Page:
Organisations provide services for individuals or other organisations; these are their customers.
It is vital that organisations understand who their best customers are. Effective business analysts must also have this awareness.
Businesses in similar sectors compete for these customers.
To source the development of their product, organisations in all sectors must compete for the limited resources available from suppliers. These resources may be intellectual or physical, tangible or intangible.
The nature of the competition must be understood by organisations and their business analysts.
Rummler and Ramias elegantly demonstrate all of the above in their book, ‘White Space Revisited', a must read for business analysts.
To manage and coordinate their activities, organisations create business processes. These form a major element of business analysis and business architecture.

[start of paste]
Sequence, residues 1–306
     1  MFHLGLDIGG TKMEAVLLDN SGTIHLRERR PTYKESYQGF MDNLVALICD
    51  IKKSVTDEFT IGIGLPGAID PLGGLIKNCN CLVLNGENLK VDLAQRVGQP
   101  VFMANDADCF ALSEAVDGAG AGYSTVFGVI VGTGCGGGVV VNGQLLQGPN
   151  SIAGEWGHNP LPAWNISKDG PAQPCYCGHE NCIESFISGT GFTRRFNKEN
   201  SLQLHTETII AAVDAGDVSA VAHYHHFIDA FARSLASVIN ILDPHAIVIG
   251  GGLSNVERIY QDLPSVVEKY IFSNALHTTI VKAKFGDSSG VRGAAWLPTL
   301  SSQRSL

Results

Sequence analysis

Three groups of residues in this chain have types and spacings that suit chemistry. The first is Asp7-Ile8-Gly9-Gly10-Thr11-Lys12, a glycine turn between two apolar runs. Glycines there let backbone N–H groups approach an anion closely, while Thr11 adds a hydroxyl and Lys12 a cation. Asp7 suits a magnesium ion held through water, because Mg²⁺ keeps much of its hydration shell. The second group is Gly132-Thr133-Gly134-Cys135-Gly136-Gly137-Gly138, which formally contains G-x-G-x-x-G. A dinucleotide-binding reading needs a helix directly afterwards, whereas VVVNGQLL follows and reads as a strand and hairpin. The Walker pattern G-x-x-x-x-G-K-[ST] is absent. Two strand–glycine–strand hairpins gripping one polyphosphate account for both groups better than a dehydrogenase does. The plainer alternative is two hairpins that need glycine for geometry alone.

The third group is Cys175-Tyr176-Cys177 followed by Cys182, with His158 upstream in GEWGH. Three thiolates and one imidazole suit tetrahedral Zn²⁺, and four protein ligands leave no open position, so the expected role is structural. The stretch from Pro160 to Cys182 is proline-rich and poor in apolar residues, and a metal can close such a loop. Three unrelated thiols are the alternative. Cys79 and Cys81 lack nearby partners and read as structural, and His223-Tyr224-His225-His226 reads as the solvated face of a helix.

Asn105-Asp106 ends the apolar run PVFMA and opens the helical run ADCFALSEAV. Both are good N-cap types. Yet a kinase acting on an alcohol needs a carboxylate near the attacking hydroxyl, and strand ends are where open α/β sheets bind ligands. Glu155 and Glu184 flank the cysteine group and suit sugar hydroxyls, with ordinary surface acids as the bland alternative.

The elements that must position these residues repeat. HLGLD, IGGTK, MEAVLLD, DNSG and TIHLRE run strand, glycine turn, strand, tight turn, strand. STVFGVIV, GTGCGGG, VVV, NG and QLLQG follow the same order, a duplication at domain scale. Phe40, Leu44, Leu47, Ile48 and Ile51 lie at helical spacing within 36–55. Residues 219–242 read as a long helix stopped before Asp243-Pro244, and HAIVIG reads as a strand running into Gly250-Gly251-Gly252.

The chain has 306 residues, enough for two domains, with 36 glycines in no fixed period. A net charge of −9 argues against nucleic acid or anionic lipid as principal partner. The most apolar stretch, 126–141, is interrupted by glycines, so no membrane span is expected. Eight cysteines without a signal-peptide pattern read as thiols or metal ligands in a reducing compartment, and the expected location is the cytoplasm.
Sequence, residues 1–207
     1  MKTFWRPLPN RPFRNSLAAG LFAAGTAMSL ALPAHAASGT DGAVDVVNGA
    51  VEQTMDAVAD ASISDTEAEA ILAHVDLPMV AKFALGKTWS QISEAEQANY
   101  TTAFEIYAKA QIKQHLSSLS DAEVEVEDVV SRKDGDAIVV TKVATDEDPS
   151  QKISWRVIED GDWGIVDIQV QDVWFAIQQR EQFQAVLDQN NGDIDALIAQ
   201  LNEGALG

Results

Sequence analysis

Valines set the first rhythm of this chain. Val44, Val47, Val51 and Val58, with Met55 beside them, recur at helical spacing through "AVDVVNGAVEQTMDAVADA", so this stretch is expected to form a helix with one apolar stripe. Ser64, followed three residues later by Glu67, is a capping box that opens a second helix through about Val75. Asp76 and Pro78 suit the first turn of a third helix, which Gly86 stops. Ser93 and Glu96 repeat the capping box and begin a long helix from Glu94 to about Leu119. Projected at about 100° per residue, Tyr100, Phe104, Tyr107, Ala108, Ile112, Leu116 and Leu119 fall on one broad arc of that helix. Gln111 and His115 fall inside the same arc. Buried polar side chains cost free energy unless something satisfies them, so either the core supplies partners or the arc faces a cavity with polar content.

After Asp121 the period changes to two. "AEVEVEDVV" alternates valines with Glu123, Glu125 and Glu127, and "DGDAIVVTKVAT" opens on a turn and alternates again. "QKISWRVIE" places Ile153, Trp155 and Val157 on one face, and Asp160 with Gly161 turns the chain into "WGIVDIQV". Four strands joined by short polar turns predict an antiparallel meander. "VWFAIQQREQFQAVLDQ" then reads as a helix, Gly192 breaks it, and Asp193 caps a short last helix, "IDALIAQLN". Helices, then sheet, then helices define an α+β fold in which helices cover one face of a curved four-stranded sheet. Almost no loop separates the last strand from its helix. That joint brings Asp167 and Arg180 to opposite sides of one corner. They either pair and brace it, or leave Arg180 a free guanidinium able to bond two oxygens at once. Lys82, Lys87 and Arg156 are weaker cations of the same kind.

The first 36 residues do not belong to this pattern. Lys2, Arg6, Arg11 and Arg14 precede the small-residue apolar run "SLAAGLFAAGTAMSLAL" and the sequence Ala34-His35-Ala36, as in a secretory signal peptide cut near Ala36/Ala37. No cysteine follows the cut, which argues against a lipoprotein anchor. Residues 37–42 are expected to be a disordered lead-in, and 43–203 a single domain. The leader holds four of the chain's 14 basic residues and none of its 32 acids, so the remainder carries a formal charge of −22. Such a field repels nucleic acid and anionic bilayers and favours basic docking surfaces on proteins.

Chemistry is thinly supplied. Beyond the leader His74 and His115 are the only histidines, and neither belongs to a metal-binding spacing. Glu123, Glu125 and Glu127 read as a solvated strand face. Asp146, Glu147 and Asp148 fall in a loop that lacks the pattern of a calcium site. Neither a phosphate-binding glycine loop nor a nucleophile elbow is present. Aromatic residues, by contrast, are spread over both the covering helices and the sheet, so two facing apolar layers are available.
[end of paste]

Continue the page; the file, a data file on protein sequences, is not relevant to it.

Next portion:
What is a business process?
Sharp and McDermott define a process as:
- a set of related activities, ...
- triggered by an event, ...
- which achieves a specific result ...
- for the customer and other stakeholders.
An example of a business event is an order received from a customer.
Results of the process that delivers the customer's order are:
- The customer receives what they ordered
- The organisation gets paid
People, Culture and Processes
Good business analysts also understand the people who operate the processes; these are the business analyst's own customers.
The operation of all organisations is affected by the prevailing culture; this too must be understood by business analysts.
The processes on which the life of an organisation really depends are those that are seen by the customers. They must provide value to those customers. In delivering the goods and services, the processes deliver the organisation’s value proposition, their promise of value to the customers.
Processes create and use data. This too forms a major element of business analysis and architure.
Business analysts must seek to understand